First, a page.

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enjoy; that they do good; that they be rich in good works, ready to distribute, willing to communicate, laying up for themselves a good foundation against the time to come, that they may lay hold on eternal life."

If we are to live, not to ourselves, but to God; we are to use our property, not to our own ends, but to his glory. To his glory we apply it, when we improve it for the benefit of our fellow men. "He who hath pity on the poor," says Solomon, "lendeth to the Lord." The words of our saviour are to the same purpose. "What ye have given to my brethren, ye have given to me." What we thus give to God, we give him out of his own. So David acknowledges. "Who am I? and what is my people that we should be able to offer so willing ly after this sort? For all things come of thee, and of thine own have we given thee. All this store that we have prepared for thy name, cometh of thine hand; it is all thine own."

The poor man feels the justness of these observations, and he wishes the ruler, the minister, and the rich man would apply them. But, Is there nothing for which you are indebted to God? Nothing which you owe to mankind? If you have health or strength, or skill, this is also the gift of heaven, and you are under the same obligation as others to do good according to your ability. To you the Apostle says, "Labour with your hands the thing which is good." Why ? For yourself only? No; but "that you may have to give to them who need;" i. e. to them who cannot work with their hands as you can. If you have been delivered from sickness, or from death; it is not merely for your own sake; but that you may glorify God in the improvement of life and health.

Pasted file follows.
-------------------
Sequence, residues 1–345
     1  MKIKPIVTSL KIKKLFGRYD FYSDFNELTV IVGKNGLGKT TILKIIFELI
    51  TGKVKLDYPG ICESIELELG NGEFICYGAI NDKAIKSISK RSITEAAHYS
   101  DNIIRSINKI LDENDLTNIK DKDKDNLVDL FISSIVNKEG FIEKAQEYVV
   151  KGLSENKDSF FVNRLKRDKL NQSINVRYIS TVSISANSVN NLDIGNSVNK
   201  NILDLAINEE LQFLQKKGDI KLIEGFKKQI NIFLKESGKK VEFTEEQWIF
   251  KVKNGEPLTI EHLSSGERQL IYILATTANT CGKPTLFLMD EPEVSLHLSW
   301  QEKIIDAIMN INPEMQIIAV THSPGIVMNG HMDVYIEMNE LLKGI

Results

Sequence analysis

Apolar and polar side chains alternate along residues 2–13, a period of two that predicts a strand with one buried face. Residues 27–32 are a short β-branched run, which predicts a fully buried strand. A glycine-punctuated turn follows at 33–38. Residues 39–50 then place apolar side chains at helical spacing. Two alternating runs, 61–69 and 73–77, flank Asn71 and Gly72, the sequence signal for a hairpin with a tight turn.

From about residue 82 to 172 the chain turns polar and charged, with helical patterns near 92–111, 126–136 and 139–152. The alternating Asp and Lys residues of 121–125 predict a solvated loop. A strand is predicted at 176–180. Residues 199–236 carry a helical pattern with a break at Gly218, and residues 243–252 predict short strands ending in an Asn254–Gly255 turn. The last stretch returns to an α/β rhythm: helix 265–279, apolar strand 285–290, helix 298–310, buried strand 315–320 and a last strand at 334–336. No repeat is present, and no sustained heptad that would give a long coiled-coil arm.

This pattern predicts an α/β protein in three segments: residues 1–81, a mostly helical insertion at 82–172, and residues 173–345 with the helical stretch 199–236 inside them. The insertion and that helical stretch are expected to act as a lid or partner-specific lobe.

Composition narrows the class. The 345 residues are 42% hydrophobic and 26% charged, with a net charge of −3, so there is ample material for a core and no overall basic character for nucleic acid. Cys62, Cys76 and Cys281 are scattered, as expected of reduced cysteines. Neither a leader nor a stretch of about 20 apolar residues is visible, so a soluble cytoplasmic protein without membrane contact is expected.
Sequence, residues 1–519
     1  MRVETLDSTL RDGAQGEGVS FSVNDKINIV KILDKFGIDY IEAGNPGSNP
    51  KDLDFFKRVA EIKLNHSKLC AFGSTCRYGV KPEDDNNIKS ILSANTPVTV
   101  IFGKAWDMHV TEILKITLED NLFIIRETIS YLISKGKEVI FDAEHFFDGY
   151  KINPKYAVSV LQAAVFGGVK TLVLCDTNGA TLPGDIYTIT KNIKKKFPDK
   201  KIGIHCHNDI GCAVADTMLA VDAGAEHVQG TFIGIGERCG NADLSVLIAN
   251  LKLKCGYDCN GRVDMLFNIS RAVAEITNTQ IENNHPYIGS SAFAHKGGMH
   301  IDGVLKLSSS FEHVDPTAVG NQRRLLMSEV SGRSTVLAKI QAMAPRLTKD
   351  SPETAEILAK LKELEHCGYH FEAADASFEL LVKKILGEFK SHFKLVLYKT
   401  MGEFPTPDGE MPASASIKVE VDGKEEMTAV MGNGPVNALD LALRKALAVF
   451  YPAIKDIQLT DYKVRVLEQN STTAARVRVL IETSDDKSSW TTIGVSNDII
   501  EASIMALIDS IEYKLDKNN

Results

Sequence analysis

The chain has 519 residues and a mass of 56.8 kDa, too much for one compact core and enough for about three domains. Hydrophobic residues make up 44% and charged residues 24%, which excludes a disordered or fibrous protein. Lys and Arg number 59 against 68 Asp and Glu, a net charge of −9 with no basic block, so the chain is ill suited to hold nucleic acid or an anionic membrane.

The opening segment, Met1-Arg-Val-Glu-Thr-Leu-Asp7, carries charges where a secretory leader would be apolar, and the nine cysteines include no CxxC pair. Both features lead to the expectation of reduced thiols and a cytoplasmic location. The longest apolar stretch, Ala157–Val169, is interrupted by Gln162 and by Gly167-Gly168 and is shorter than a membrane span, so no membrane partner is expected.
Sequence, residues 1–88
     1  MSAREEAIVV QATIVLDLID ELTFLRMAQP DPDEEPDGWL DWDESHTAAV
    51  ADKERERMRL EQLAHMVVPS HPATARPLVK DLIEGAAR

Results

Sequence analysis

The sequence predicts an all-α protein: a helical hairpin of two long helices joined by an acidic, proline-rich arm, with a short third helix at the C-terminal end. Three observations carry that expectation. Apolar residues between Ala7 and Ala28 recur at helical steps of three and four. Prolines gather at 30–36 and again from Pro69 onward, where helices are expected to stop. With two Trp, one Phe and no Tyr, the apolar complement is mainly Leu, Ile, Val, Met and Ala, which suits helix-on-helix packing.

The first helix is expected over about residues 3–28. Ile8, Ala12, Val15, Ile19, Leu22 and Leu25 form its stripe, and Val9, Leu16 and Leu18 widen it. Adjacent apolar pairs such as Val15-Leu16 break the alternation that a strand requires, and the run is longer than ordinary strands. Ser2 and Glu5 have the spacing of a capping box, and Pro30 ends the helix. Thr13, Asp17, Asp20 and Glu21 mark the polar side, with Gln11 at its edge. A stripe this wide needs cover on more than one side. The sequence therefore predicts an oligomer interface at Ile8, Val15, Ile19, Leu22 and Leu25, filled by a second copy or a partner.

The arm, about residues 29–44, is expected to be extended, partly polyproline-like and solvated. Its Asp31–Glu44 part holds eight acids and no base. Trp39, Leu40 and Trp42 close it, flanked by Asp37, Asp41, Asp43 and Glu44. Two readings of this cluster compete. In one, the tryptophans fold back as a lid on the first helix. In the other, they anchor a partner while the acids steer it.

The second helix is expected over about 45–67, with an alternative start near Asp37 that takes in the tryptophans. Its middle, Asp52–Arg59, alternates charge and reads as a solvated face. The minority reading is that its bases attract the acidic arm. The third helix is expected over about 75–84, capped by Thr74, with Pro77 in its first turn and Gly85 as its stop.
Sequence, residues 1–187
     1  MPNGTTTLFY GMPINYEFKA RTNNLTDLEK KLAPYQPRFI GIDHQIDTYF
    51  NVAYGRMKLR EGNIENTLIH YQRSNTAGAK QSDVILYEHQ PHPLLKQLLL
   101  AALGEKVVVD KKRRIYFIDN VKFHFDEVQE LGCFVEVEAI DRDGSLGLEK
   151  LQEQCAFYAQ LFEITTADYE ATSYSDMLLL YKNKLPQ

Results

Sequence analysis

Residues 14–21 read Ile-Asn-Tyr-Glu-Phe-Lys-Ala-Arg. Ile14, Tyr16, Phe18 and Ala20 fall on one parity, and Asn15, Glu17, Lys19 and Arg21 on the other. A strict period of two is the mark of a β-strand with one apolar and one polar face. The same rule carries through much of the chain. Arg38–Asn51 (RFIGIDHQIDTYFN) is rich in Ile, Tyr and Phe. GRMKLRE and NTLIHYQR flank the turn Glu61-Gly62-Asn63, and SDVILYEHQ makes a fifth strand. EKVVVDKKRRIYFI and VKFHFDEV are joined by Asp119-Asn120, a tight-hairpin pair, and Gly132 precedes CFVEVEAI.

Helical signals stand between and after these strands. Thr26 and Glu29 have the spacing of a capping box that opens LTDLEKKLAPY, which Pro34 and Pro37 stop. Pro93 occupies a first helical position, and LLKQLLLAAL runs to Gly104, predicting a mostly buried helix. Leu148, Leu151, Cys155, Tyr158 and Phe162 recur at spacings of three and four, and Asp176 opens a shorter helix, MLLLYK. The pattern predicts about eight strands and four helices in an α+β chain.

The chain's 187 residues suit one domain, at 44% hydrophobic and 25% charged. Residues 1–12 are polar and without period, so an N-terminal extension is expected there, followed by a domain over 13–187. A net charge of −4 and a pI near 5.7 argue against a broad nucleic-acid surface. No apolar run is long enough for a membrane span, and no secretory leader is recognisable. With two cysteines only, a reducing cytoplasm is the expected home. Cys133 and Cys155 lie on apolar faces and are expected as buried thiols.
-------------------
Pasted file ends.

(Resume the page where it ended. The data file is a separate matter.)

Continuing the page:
If the head of a family is spared; it is that he may guide and instruct his children, train them up

in piety, and assist them in their preparation for usefulness in this world, and happiness in the next.

If a youth is preserved from death; it is for the comfort of his parents in the declining period of life, or for the more extensive benefit of mankind, in the present and succeeding generation.

Every instance of divine mercy should be regarded as a new obligation, and a fresh call to a virtuous and useful life. We are not to imagine, that God keeps us night and day, guides our steps and protects our slumbers, merely for our own ends, that we may eat and drink, and sport and sleep; or that we may acquire wealth to be thrown into a useless heap while we live, and wasted as soon as we are dead. It is for the nobler purposes of his goodness and benevolence to mankind.

We may add farther-The gifts of Divine Grace, as well as those of Nature and Providence, are for more general purposes, than the benefit of those, on whom they are immediately bestowed.